Book | Year of Plenty

Reviewed by Rachel Stone


Flourish, Fall 2011

Year of Plenty
By Craig Goodwin
Sparkhouse Press, 2011, 224 pages

By now you’ve likely heard of more than one year-long experiment written up on a blog or in a book, or both—Julie & Julia, No Impact Man, and Barbara Kingsolver’s Animal, Vegetable, Miracle. When I received my copy of Craig Goodwin’s Year of Plenty (subtitled “One Suburban Family, Four Rules, and 365 Days of Homegrown Adventure in Pursuit of Christian Living”), I anticipated a Christian twist on what has now become something of a genre, if not a gimmick.

But Goodwin and his wife weren’t aware of any of these other experiments when they planned their own. Instead, the Goodwins’ project took shape in the wake of an argument over a “piece-of-crap”—Goodwin’s own words—present they’d purchased at a post-Christmas clearance sale. This last little purchase in 2007 prompted deep soul-searching and the realization that there seemed to be “no meaningful connection between the rhythms of faith and…[their] consumption.” They wanted to explore what drove them to mindless and meaningless consumption, and live differently.

So Craig and Nancy, and their two young daughters, embarked on a year-long period of consuming only what could be purchased locally—or from Thailand. This exception to the local rule grew from Nancy’s time living in that country and the desire to better understand the global effects of their consumption, for better or for (usually) worse. They rounded out the year with a visit to Thailand, putting a face to some of the people whose labor provided them with goods, and getting to know some of those most-exploited by a culture where everything’s for sale: young girls recently rescued from the sex industry. In between, they grew their own vegetables, raised some laying hens, sourced locally produced toilet paper, learned how to can pickles, and used only one car.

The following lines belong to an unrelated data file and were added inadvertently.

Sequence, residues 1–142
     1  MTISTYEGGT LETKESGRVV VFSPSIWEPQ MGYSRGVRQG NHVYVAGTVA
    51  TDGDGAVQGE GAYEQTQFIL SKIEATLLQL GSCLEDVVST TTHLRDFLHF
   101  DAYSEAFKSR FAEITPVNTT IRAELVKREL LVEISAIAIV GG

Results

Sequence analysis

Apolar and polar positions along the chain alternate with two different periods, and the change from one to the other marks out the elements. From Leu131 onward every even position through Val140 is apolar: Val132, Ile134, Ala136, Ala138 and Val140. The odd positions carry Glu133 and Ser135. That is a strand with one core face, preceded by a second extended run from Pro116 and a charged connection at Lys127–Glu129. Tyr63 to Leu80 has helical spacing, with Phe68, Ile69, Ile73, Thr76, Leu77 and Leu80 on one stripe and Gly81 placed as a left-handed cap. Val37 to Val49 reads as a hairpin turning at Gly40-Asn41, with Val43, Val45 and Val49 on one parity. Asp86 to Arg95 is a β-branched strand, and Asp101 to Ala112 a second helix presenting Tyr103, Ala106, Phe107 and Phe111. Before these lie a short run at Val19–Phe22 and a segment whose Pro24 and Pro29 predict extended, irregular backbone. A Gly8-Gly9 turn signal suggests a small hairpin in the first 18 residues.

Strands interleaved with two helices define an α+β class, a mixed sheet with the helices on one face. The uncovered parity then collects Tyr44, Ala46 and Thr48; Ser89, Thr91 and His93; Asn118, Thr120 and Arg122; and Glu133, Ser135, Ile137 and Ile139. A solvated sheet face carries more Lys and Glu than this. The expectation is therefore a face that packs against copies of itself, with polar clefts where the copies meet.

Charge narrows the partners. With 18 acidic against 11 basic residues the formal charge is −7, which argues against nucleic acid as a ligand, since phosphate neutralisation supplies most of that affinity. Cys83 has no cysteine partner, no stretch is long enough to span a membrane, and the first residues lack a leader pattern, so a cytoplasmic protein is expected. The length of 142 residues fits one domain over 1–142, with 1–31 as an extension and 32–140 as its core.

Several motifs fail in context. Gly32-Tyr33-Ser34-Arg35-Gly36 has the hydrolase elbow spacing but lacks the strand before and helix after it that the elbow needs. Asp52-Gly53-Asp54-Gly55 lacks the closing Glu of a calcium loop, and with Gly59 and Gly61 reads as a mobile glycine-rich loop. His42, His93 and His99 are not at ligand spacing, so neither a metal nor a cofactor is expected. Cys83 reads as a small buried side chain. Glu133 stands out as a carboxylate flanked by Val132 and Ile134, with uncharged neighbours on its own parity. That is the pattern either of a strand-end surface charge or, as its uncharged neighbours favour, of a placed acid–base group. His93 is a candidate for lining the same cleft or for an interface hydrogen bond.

While there were moments of frustration during their experiment (“I’m sick of this local stuff,” shouted the seven-year-old “with gusto”), in the end the Goodwins—perhaps predictably—found more plenty than want in their new way of living. Craig wrote, “We’ve gone from shoppers who were primarily self-interested in our consumption, to an experience where we feel like partners in a community of consumption and provision.”

In fact, relationships—both within the Goodwin family and without—turn out to be the  best part of consuming close to home and more simply. Turning off the TV to forage in the woods, spending time making ice cream at home, and butchering a chicken become ways not simply of treading more gently on creation, but of connecting meaningfully with loved ones.

And that meaningful connection extended beyond the community they knew personally. As the Goodwins discovered, “we can’t love our neighbor without also caring for the creation that sustains our neighbors with work and food and health.”

The Goodwins’ story, which continues on their blog www.yearofplenty.org, will likely appeal mostly to those people who are interested in pursuing alternatives to consumerism but who aren’t sure that doing so is feasible. Take heart: The Goodwins, like so many Americans, live in a master-planned suburban development—and they have a garden (with chickens!) anyway. There’s nothing radical in here, no fruit-scrap vinegar or turnip sandwiches—just an ordinary American family trying to follow Jesus by choosing a road less traveled, but increasingly, encouragingly, open to new journeyers.

 


Writer Rachel StoneRachel Stone has written for Christianity Today, The Progressive Christian, catapult/*cino, and Creation Care magazine, and also for her local newspaper, The Suffolk Times. She blogs daily about food, family, faith, joyful justice (and The Bread of Life) from her home in Greenport, New York, where she lives with her husband, two sons, extended family, and assorted cats.

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